Sherman J. Silber, MD. Director of The Infertility Center of St. Louis, Missouri. USA:
Studies show that if you are pregnant with COVID-19 there is no harm to the fetus. Careful scientific studies also show that certain drugs such as Chloroquine are extremely effective in treating the virus. In addition, experimental studies have shown that getting plenty of sleep can improve resistance to the virus. There are many myths and rumors about this virus, but the data below from well-established academic centers will detail the validity of the above statements. -Dr. Sherman Silber
Mid-Rivers News Magazine from St. Louis, Missouri October 26, 2011
When a couple is ready to bring a new life into the world, conceiving the natural way can be as laborious as childbirth itself. As a result, many couples are turning to surrogacy.
Jeremy Gruber, president of the Massachusetts-based Council for Responsible Genetics (CRG), said surrogacy not is on the rise – it is “clearly entering the mainstream.”
“You can’t pick up a news magazine these days without finding another celebrity using surrogacy,” Gruber said. “Couples are waiting longer to have children these days, and infertility is an increasing problem, and for a whole host of other reasons, including same-sex couples, surrogacy is seen as a viable alternative.”
Surrogacy can take one of two forms: traditional or gestational. In a traditional surrogacy, the surrogate is the child’s biological mother, using her own egg and a man’s sperm. In a gestational surrogacy, the surrogate is not genetically related to the baby and uses another woman’s egg and a man’s sperm.
The Infertility Clinic’s Dr. Sherman Silber, who has been practicing infertility treatments for about 37 years and is considered among the world’s leading infertility authorities, said there currently is an “infertility epidemic.”
“Infertility clinics are absolutely overflowing, and one clear-cut reason for this increase is basically a social change, where people are just putting off bearing children or getting married until they’re older,” Silber said, “People used to get married in their late teens or 20s and have kids soon after, but now, many women aren’t even thinking about having a baby until their mid 30s.”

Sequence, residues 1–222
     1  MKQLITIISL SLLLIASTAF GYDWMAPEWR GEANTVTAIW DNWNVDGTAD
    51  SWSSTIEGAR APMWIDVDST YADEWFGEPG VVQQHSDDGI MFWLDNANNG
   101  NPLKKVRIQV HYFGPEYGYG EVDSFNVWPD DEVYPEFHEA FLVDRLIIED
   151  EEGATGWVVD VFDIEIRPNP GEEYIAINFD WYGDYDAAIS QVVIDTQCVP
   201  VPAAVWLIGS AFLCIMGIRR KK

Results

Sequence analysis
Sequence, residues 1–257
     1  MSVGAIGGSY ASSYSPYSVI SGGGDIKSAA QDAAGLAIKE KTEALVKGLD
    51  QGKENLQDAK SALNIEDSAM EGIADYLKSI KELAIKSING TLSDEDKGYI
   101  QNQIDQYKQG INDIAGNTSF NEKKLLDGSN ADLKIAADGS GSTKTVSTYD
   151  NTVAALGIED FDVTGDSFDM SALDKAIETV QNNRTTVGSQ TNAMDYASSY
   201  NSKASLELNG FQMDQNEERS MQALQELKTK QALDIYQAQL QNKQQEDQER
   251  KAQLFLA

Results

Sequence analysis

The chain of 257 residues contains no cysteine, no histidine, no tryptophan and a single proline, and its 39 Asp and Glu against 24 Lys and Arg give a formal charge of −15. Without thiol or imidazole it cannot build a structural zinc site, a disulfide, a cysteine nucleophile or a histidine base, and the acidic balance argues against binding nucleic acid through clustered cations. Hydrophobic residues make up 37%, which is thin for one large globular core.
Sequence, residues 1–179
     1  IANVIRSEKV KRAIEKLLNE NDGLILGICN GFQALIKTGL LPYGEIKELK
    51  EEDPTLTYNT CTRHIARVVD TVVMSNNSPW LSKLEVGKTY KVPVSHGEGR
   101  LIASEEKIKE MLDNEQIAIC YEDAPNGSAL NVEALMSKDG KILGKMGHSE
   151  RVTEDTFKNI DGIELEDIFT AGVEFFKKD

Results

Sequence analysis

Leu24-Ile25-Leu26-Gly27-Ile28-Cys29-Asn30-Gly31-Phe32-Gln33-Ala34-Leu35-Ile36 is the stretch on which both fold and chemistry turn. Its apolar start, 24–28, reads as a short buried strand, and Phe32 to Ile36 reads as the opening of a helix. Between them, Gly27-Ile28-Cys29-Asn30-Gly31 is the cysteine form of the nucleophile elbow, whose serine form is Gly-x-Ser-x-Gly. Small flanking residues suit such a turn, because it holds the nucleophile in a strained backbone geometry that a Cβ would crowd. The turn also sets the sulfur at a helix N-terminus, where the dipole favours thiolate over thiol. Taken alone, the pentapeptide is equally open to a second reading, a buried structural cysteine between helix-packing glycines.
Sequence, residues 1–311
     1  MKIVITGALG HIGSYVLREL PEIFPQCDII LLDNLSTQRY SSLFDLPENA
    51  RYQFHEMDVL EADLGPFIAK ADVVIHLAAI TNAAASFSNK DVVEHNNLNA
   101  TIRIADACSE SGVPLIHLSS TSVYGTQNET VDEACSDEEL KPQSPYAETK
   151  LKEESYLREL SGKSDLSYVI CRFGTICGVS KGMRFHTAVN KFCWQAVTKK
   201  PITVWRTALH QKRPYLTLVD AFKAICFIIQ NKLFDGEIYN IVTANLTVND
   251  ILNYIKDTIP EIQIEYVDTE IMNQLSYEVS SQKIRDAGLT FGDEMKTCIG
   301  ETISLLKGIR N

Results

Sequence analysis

Silber said a woman’s fertility drops between the ages of 20 and 35 and then dramatically drops after that. According to the U.S. Center of Disease Control and Prevention (CDC), the number of babies born to gestational surrogates grew 89 percent from 2004 to 2008, and the numbers will continue to rise.
“The statistics we do have, though, suggest surrogacy is far more rampant than even the numbers reveal,” Gruber said.
In The Surrogate’s Shoes
Silber said those seeking a surrogate should not have any problem finding one.
“There is certainly not a shortage of volunteers, because so many women want to be a surrogate,” Silber said. “Many love the idea of being pregnant but don’t want to bother with having any more kids.”
Most women who volunteer to be a surrogate, Silber said, already have had all the children they want but still enjoy pregnancy.
Surrogacy costs biological parents between $40,000 and $120,000, and surrogates are paid between $12,000 and $25,000 per pregnancy, according to the CRG. But according to Silber, most women do not do it for the money.
“From what I’ve found, they do it because they want to do it,” Silber said, “but that still doesn’t mean they shouldn’t be compensated.”
When considering a potential surrogate, Silber said he looks for how healthy the woman is and what her previous pregnancies have been like.
“They also have to be psychologically sound, and I have to make sure they’ve got a good relationship with the intended parents,” he said.